Reducing Motion Practice in Innovative and Complex Commercial Litigation

By Christine Kummer | Senior Staff Writer

Complex business disputes are presenting the Commercial Division with increased caseloads and time-consuming innovative legal issues. In 2014, 5,763 cases were pending in the Commercial Division, an increase of 13% from 2008 (5,084 cases pending).[1] Similarly, the number of dispositions in 2014 (3,536) increased 11% from 2008 (3,193).[2] Moreover, the number of motions substantially increased 85%,from 4,419 motions filed in 2008 to 8,161 filed in 2014.[3]

Chief Justice Jonathan Lippman, the Task Force on Commercial Litigation, and the Commercial Division Advisory Council recently undertook significant reforms to help maintain and improve the Commercial Division’s efficient and cost-effective resolution of business disputes in light of the influx of complex litigation.[4] Several of the adopted reforms to the Rules of the Commercial Division of the Supreme Court (22 NYCRR § 202.70(g)) took effect April 1, 2015, including the following:[5]

Model Compliance Conference Order. A new model compliance conference order form for optional use was adopted.[6]

Sanctions. The preamble was amended to direct litigants and counsel to review the rules of practice of the Commercial Division regarding sanctions, including Rules 12, 13(a) and 24(d), Rule 3126 of the Civil Practice Law and Rules and Part 130 of the Rules of the Chief Administrator of the Courts.[7]

Limitations on Depositions. Rule 11-d was added and provides limits for 10 depositions per side and 7 hours per deponent.[8]

Responses and Objections to Document Requests. Rule 11-e requires the response to each document request to state either that production will be made or the grounds for objection with reasonable particularity.[9] Objections should specify whether all or part of the request is being challenged, any documents being withheld and the manner the scope of production is limited. Rule 11-e provides a fixed date for document production. Additionally, for each document request, the responding party will state whether production is complete or no documents are in its possession.[10]

Disclosure Disputes. Rule 14 as amended provides the court’s Part Rules shall govern discovery disputes and where silent, Rule 14 shall serve as default. Preference is to resolve disputes through court conference instead of motions.[11]

The following reforms to Rules of the Commercial Division (22 NYCRR § 202.70(g))were recently adopted and will be effective December 1, 2015:

Model Status Conference Order Form. The new model status conference order form will serve to accompany the preliminary conference and model compliance conference forms.[12] The form includes sections for history of the case, motion practice and current status of the case.[13]

Eligibility Criteria for Cases that may be Heard. The amendment to 22 NYCRR § 202.70(b)limits the monetary threshold for arbitration proceedings to be the same threshold as the applicable County or Judicial District.[14] Also, the amendment to 22 NYCRR § 202.70(c) adds certain home improvement contracts to matters ineligible to be heard.[15]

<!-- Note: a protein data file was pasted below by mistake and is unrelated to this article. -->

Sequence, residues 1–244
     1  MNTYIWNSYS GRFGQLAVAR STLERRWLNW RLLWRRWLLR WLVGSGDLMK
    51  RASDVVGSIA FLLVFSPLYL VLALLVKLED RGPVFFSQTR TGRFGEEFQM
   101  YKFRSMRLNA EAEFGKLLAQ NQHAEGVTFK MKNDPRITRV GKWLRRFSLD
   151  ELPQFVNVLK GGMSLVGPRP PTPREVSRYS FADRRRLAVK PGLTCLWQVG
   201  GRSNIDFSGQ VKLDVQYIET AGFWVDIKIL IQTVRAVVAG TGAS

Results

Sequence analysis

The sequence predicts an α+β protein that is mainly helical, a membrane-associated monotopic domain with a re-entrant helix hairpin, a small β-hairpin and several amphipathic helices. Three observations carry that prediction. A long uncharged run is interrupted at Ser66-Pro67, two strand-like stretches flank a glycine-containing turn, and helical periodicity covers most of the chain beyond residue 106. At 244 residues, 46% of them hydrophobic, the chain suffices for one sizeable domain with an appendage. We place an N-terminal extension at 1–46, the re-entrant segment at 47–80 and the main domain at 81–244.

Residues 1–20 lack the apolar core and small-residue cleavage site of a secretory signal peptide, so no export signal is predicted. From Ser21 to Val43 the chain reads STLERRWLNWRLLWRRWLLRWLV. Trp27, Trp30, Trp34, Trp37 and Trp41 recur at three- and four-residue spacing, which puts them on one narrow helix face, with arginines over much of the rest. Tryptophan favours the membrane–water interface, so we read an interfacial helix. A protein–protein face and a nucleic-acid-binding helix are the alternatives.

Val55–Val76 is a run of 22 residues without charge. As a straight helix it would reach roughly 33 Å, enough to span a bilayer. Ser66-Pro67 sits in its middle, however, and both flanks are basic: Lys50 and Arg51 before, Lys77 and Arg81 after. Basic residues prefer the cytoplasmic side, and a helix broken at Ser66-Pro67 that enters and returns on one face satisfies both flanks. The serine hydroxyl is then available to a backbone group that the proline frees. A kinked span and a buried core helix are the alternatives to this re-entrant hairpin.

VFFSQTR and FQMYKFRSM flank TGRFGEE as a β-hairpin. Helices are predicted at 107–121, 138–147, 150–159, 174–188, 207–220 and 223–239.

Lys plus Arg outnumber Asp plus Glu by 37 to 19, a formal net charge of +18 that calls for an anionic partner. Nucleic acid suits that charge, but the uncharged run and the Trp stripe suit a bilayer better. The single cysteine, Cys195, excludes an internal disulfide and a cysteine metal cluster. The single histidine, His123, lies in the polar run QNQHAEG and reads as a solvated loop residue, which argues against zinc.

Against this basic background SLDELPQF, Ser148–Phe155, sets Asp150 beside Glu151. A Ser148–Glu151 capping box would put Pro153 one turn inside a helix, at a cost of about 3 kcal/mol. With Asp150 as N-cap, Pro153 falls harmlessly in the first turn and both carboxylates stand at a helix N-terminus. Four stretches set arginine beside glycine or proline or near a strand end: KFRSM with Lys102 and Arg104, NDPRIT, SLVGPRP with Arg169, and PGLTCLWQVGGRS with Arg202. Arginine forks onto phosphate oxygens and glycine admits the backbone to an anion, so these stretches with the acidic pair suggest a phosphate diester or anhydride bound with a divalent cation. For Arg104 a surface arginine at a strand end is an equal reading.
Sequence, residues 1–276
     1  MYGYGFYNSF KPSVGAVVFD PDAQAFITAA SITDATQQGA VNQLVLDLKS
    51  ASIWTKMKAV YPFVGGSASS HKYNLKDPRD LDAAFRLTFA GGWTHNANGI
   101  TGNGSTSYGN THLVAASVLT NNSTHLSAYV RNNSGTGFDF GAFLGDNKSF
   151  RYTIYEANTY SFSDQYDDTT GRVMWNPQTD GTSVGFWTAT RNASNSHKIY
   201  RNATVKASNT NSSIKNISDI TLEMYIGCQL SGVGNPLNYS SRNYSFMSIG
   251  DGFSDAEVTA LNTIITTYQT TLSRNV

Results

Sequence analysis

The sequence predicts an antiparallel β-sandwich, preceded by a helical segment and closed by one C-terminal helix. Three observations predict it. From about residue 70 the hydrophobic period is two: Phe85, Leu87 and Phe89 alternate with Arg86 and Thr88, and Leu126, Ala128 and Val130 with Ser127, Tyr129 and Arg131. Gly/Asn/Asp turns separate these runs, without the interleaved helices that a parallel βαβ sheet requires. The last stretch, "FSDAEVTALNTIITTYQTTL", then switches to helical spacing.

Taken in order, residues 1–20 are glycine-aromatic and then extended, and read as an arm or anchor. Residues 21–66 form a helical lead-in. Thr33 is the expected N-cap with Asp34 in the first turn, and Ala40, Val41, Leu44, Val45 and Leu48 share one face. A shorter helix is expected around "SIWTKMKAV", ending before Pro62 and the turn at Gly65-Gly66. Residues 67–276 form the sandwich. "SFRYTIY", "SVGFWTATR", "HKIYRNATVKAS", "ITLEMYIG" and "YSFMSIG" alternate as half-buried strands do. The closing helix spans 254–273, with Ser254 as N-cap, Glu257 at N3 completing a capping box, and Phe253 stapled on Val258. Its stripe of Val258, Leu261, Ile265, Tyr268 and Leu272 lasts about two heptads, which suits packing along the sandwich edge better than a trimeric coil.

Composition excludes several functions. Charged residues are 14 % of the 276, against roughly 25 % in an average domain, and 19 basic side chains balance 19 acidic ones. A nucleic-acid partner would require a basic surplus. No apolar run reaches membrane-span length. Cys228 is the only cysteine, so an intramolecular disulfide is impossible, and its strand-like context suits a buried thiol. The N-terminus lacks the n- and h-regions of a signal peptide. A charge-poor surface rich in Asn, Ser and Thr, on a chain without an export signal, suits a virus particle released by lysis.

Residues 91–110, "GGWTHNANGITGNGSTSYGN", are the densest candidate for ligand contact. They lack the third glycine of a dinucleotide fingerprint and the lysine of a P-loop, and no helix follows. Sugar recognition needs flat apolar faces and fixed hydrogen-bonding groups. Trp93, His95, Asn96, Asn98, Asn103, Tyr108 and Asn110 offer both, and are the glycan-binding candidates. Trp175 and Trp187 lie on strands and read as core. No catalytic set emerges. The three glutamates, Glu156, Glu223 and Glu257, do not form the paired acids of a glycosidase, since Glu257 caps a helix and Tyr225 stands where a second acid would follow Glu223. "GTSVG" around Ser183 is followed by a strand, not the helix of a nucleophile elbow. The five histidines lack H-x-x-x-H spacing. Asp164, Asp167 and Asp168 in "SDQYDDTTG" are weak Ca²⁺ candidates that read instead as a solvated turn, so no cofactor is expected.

Proportionality in Discovery. The amended preamble would highlight the need to encourage proportionality in discovery.[16]

Depositions of Entity Representatives. Recently added Rule 11-d was amended to require a party who wishes to depose an entity to enumerate the matters with reasonable particularity.[17]

Reform efforts remain ongoing, with the following proposals to the Rules of the Commercial Division (22 NYCRR § 202.70(g))pending determination:[18]

Form of Papers. Proposed amendment to Rule 6 would require electronically submitted documents to include a bookmark listing the documents’ contents.[19]

Alternative Dispute Resolution (ADR). Proposed amendment to Rule 3 includes that, with permission of the court, counsel for all parties may stipulate to summary jury trial in the absence of a controlling local rule.[20]

Overall, these reforms seek to reduce filing motions where practicable, streamline motions via requested specificity or particularity and suggested forms, and avoid frivolous motions and delays. The reforms have the potential to help save litigants’ time and money, but it may be too early to predict precisely the savings versus the impact on a case. Some of the rules are still undergoing additional transformation after being recently adopted. Furthermore, some rules may alter the way litigants undergo discovery. For instance, the encouragement for proportionality in discovery may be cost-effective in terms of cutting costs for all-inclusive e-discovery searches. But depending on the parties or the case, will proportionate discovery help or hurt the parties in the long-run? Nonetheless, in this increasingly innovative and complex age of commercial litigation, the Commercial Division’s efforts to expedite and simplify processes and reduce motions will change the way that Commercial Division and business litigants resolve commercial disputes.





















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